The Journal of Continuing Education in Nursing

book reviews 

Staff Development: A Systems Approach

Judith F Warmuth, RN, MS

Abstract

Staff Development: A Systems Approach. Donald Billie. Thorofare, New Jersey: Slack Inc., 1983, 167 pages.

Because there is a limited amount of printed material available, a new book for the nurse in staff development is good news. When compared with the books already on the staff development shelf, Don Bille's Staff Development: A Systems Approach does not duplicate existing materials. For the staff development department particularly interested in continuing education (as opposed to inservice or orientation), this book provides helpful content on needs assessment, involvement of the learner, program planning, cost recovery, and evaluation. The approach used is andragogical and in keeping with the humanistic philosophy, which the author describes and defends.

As the title indicates, the systems theory is the framework used for this book. The author uses a basic system theory assumption that the whole of a system is equal to the sum of the component parts. Staff development can therefore be understood by examining the parts. In contrast, the humanistic philosophy is based on the assumption that a whole (for example, a person) is more than the sum of its component parts. Systems theory is commonly used to describe and study organizations. Humanism is the primary philosophical base for nursing. Embracing both philosophies simultaneously results in staff development educators supporting a belief that learners are mature, autonomous, and self-directing, and then designing fairly inflexible behavioral objectives and end-ofcourse tests. This book demonstrates that same type of dualism which is so frequently a problem. It would have been so helpful if the author had identified this philosophical dilemma in staff development, explored it, and offered some assistance to nurses in dealing with the problem.

The philosophical problems aside, this book is realistic, explicit, and helpful. The topics which it covers are well-done and complete. Examples are included in the text as well as several appendices. Chapter 6 is a contributed chapter on new graduates. Although quite discontinuous with the rest of the book, it is an interesting addition.

Total program goals, budget allocations, priority setting, the entire range of program types necessary for staff development, and ongoing total program evaluation are not included in the content convered by the author.…

Staff Development: A Systems Approach. Donald Billie. Thorofare, New Jersey: Slack Inc., 1983, 167 pages.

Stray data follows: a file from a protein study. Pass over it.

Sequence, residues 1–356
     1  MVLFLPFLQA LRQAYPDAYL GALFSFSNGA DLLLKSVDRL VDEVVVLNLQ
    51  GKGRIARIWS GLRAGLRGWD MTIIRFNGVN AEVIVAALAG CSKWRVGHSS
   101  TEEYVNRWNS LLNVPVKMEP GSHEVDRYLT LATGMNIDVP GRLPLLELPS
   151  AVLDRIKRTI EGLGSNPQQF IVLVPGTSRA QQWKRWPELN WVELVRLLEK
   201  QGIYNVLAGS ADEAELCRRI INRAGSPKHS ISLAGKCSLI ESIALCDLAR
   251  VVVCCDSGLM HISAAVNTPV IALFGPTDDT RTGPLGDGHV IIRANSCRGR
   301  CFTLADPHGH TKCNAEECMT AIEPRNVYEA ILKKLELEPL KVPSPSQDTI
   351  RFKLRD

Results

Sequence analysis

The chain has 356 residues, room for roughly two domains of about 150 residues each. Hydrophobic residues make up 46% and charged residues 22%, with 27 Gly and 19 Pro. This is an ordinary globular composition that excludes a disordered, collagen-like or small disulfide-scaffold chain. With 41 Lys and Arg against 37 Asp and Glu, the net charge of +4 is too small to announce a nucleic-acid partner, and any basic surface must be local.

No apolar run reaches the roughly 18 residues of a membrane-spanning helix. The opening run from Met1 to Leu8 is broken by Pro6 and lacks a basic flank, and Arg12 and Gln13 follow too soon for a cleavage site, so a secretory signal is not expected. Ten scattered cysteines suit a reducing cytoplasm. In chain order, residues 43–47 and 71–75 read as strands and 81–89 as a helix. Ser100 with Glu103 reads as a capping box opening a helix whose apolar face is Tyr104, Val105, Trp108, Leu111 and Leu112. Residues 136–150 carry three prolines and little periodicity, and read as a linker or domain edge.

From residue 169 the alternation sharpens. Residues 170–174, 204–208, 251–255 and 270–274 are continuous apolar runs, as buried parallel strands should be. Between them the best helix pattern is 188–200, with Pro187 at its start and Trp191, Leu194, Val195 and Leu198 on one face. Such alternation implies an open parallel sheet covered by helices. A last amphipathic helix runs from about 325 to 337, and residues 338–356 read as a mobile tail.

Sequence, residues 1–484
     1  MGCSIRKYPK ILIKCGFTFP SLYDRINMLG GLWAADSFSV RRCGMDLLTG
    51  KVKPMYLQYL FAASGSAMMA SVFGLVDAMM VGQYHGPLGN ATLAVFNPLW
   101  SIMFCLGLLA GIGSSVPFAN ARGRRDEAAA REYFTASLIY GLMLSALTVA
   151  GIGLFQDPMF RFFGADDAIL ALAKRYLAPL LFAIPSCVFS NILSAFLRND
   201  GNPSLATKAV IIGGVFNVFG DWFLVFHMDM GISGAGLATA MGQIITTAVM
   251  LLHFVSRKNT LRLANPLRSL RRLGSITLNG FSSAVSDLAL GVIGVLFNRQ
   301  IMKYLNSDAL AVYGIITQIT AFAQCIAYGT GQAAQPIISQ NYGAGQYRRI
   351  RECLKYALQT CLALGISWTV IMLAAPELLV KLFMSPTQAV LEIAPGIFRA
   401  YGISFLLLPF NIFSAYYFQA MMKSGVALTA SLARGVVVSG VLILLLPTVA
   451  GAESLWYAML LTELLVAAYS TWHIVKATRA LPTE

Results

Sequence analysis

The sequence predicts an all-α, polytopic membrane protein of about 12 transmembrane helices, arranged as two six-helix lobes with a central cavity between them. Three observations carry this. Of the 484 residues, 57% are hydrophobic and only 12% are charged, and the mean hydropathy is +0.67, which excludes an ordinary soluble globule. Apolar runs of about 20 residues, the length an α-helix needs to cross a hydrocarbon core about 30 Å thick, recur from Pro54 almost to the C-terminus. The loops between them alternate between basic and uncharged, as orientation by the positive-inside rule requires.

Because there is a limited amount of printed material available, a new book for the nurse in staff development is good news. When compared with the books already on the staff development shelf, Don Bille's Staff Development: A Systems Approach does not duplicate existing materials. For the staff development department particularly interested in continuing education (as opposed to inservice or orientation), this book provides helpful content on needs assessment, involvement of the learner, program planning, cost recovery, and evaluation. The approach used is andragogical and in keeping with the humanistic philosophy, which the author describes and defends.

As the title indicates, the systems theory is the framework used for this book. The author uses a basic system theory assumption that the whole of a system is equal to the sum of the component parts. Staff development can therefore be understood by examining the parts. In contrast, the humanistic philosophy is based on the assumption that a whole (for example, a person) is more than the sum of its component parts. Systems theory is commonly used to describe and study organizations. Humanism is the primary philosophical base for nursing. Embracing both philosophies simultaneously results in staff development educators supporting a belief that learners are mature, autonomous, and self-directing, and then designing fairly inflexible behavioral objectives and end-ofcourse tests. This book demonstrates that same type of dualism which is so frequently a problem. It would have been so helpful if the author had identified this philosophical dilemma in staff development, explored it, and offered some assistance to nurses in dealing with the problem.

The philosophical problems aside, this book is realistic, explicit, and helpful. The topics which it covers are well-done and complete. Examples are included in the text as well as several appendices. Chapter 6 is a contributed chapter on new graduates. Although quite discontinuous with the rest of the book, it is an interesting addition.

Total program goals, budget allocations, priority setting, the entire range of program types necessary for staff development, and ongoing total program evaluation are not included in the content convered by the author.

10.3928/0022-0124-19840901-16

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